Sunday, February 12, 2006

Iron Pearl

Last Friday my family buried an incredible woman. Pearl Knox, aka Pearl Nespodjeinski aka Pearl Nakkakis (shortened to Knox by immigration) lived a hard life full of sacrifice, dedication and happiness. Her mother was a Polish immigrant and a very stern woman, and reinforced the traits that would make Pearl both someone you did not want to cross, and a person who would give you the shirt off her back.

Living in Pittsburgh, she did not reach high school education, she worked as a house cleaner at the age of 15, became a mother, and was divorced, taking back her daughter and raising her in a time when it was less than fashionable to do so. She worked as a potscrubber at US Steel, worked in a produce warehouse, and eventually as a supervisor at the Pittsburgh School of the Blind. When she worked these jobs, she often had one or two others-I know because I sometimes worked with her because it was the only chance I might get to see her. As she raised my mom, there was often little to eat in the house, but my grandmother always came through and provided for my mom and all of the other relatives and friends who depended on her. She often cooked lunches and dinners for my uncles that worked in the steel mills, she would bake a t Chirstmas for the neighborhood, she would paint your house, help you move in or out, shovel your snow, and nurse you back to health. How she did all of this for so many people, I have no idea.

My grandmother was an inspiration to me and when she retired back in the 90's I hoped she would be able to enjoy life and relax. It was then that she developed diabetes and was forced to sell her house on the South Side and move to Virginia with my mom. My mom has said that the last 6 years were the best. She said that it mattered most because now she could catch back up with her mom because she never really got to see her much as a kid.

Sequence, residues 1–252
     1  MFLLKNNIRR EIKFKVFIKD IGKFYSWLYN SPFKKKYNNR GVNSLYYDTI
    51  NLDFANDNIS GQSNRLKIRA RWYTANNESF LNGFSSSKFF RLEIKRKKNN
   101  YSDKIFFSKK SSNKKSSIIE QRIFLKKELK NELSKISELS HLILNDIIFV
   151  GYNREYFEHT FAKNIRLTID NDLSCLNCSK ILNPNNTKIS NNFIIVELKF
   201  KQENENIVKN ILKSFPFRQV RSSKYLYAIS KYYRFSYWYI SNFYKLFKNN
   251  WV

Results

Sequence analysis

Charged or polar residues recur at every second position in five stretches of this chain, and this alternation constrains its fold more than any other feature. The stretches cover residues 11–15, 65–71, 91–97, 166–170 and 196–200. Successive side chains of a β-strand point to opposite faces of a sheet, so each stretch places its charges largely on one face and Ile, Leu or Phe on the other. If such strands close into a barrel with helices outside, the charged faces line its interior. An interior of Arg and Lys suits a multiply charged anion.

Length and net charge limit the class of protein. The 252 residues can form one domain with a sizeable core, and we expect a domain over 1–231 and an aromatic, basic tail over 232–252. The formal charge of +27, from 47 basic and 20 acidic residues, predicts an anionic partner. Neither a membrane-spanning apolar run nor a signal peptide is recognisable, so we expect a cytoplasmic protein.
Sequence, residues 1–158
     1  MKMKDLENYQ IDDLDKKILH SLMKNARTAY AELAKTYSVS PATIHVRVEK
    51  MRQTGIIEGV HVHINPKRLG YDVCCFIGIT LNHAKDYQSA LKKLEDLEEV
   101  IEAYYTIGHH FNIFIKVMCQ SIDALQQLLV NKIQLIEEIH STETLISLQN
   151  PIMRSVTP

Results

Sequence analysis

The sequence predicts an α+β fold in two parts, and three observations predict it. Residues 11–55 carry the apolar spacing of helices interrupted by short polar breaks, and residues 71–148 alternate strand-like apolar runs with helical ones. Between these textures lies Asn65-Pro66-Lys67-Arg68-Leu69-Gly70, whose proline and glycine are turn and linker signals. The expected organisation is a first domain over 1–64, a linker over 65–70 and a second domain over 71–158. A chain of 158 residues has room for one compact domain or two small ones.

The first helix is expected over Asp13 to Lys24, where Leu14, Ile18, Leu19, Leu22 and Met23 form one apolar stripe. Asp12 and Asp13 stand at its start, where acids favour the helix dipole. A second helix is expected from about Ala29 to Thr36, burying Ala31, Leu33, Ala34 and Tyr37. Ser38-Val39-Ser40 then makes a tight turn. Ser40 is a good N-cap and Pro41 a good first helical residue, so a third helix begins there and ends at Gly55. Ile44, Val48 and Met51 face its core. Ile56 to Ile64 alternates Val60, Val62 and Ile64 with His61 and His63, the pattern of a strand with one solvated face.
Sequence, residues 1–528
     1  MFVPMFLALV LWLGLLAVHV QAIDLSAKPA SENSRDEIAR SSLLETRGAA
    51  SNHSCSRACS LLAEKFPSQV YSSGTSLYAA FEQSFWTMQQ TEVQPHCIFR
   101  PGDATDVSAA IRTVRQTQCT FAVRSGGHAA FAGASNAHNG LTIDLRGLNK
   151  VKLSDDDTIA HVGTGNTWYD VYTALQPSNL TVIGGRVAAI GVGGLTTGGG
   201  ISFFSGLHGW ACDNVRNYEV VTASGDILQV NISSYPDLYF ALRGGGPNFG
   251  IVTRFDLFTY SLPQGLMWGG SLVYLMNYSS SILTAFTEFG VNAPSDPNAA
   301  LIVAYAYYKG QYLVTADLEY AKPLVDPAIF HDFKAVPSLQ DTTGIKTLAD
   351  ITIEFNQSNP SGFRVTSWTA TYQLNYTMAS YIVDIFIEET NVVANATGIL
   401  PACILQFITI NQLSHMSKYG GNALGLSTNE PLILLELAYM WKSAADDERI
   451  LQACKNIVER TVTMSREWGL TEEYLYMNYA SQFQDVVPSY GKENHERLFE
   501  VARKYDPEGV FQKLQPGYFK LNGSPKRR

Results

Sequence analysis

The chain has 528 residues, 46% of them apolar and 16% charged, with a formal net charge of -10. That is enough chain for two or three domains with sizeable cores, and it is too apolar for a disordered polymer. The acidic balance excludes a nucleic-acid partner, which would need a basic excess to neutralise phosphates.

I dedicated my masters thesis to her back in 1993 because she was the epitome of hard work. She and my relatives are the definition of tough. My troubles and sufferings are nothing compared to those they suffered and endured. Her legacy to me, besides showing me how to laugh, is dedication to family, perseverence, and never giving up.

She is buried high atop a hill over looking her beloved South Side and those that still walk the nieghborhood streets. Most of my family is there. I will miss her laugh, her endless swearing, her kind heart, her baking, and her love. If I am lucky, I will be able to emulate her to some degree and become as much of a success as she was.